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Claude Shannon, the Las Vegas Shark

Long before the Apple Watch or the Fitbit, what was arguably the world’s first wearable computer was conceived by Ed Thorp, then a little-known graduate student in physics at the University of California, Los Angeles. Thorp was the rare physicist who felt at home with both Vegas bookies and bookish professors. He loved math, gambling, and the stock market, roughly in that order. The tables and the market he loved for the challenge: Could you create predictability out of seeming randomness? What could give one person an edge in games of chance? Thorp wasn’t content just pondering these questions; like Shannon, he set out to find and build answers.

More here – The Nautilus

Getting Hit In The Head Is Bad For You

I have written about the remarkable John Urschel before and I did make a comment that it would be a shame to see such a remarkable intellect blunted by repetitive injuries.

One of the N.F.L.’s smartest players did the math and decided to retire after just three years in the league.

John Urschel, an offensive lineman for the Baltimore Ravens who received much publicity for his off-season pursuit of a doctorate in math at M.I.T., told the team on Thursday that he was hanging up his cleats at 26.

Urschel’s agent, Jim Ivler, said Urschel was overwhelmed with interview requests but would not be speaking to the news media. On Twitter, Urschel wrote that “there is no big story here” and that the decision to retire was not an easy one to make, but “it was the right one for me.”

He added that he planned to return to school full time in the fall, “to take courses that are only offered in the fall semester” and spend time with his fiancée, who is expecting their first child in December.

Urschel’s decision came two days after the release of a study in which all but one of 111 brains of former N.F.L. players showed signs of chronic traumatic encephalopathy, a degenerative brain disease linked to repeated hits to the head.

More here – New York Times

The Scientific Method & Investment Management


 

A Man in a Hurry: Claude Shannon’s New York Years

….English philosopher George Henry Lewes once observed that “genius is rarely able to give an account of its own processes.” This seems to have been true of Shannon, who could neither explain himself to others, nor cared to. In his work life, he preferred solitude and kept his professional associations to a minimum. Robert Fano, a later collaborator of Shannon, said, “He was not someone who would listen to other people about what to work on.” One mark of this, some observed, was how few of Shannon’s papers were coauthored……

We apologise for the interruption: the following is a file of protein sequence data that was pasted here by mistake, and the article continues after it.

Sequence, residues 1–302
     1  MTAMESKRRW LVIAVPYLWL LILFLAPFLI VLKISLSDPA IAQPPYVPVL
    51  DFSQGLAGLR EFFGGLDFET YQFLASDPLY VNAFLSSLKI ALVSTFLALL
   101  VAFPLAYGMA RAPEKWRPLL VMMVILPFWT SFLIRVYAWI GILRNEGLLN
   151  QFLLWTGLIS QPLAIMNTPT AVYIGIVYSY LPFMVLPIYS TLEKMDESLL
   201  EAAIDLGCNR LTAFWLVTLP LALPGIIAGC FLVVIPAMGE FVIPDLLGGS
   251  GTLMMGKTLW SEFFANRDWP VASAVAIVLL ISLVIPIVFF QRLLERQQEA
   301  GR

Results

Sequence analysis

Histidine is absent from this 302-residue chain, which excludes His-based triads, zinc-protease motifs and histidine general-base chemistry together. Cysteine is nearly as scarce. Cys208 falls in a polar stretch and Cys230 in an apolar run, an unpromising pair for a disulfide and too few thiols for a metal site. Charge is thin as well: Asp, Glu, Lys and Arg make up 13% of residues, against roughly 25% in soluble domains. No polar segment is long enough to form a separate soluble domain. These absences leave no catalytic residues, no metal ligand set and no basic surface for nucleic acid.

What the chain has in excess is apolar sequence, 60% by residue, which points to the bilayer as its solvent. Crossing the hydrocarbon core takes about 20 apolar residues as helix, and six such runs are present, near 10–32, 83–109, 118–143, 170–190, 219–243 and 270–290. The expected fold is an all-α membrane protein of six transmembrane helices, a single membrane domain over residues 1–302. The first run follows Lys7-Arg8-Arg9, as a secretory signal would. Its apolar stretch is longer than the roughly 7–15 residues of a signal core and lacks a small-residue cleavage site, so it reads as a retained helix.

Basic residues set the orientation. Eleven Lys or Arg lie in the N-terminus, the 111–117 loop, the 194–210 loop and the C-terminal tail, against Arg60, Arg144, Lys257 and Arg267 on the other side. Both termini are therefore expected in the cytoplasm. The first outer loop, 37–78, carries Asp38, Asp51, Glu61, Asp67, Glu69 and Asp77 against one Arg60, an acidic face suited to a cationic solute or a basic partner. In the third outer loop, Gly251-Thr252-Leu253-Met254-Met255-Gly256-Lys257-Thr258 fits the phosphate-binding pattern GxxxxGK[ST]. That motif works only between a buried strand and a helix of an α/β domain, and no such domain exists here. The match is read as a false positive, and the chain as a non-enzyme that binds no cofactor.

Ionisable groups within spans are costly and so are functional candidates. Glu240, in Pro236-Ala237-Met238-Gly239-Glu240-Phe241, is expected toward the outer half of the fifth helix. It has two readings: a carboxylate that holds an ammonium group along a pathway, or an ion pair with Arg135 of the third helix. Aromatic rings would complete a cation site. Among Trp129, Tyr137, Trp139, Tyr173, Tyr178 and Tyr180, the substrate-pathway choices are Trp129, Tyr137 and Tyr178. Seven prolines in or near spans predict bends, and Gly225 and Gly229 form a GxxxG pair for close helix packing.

More here – IEEE Spectrum

 

Why Cant Monkeys Talk?

Decades ago, while Philip H. Lieberman was soaking in a bathtub and listening to the radio, he heard anthropologist Loren Eiseley ponder an evolutionary puzzle: Why couldn’t monkeys talk? Like us, they’re social primates, intelligent and certainly not quiet. Rhesus macaques grunt, coo, screech and scream. Infant macaques make sounds known as geckers. Despite the grunting and geckering, though, no other primates — not even the chimpanzees and bonobos, our nearest ape relatives — can make the vowel and consonant sounds we know as speech.

More here – Washington Post

PS: You mean Planet of the Apes is not possible….WTF?

A MATH GENIUS BLOOMS LATE AND CONQUERS HIS FIELD

….Huh’s math career began with much less acclaim. A bad score on an elementary school test convinced him that he was not very good at math. As a teenager he dreamed of becoming a poet. He didn’t major in math, and when he finally applied to graduate school, he was rejected by every university save one.

Nine years later, at the age of 34, Huh is at the pinnacle of the math world. He is best known for his proof, with the mathematicians Eric Katz and Karim Adiprasito, of a long-standing problem called the Rota conjecture.

Even more remarkable than the proof itself is the manner in which Huh and his collaborators achieved it—by finding a way to reinterpret ideas from one area of mathematics in another where they didn’t seem to belong. This past spring IAS offered Huh a long-term fellowship, a position that has been extended to only three young mathematicians before. Two of them (Vladimir Voevodsky and Ngô Bảo Châu) went on to win the Fields Medal, the highest honor in mathematics….

Dont worry too much about the fact that this is about a mathematician who specialises in a very rarefied field – absorb the lesson that often it is never too late.

The revolution in managing chronic pain

What is pain and why does it sometimes persist? In this week’s podcast, South Australian pain scientist Lorimer Moseley will surprise you about the real cause of chronic pain and what this understanding means for its treatment.

Moseley, the Professor of Clinical Neurosciences at the University of South Australia, is helping to develop ways to help people control their pain through scientific understandings of its mechanisms.

The good news is that these techniques can – over time – reduce or even remove pain for some chronic sufferers.

“There’s a whole new sense of the possible,” he says.

Source – InDaily

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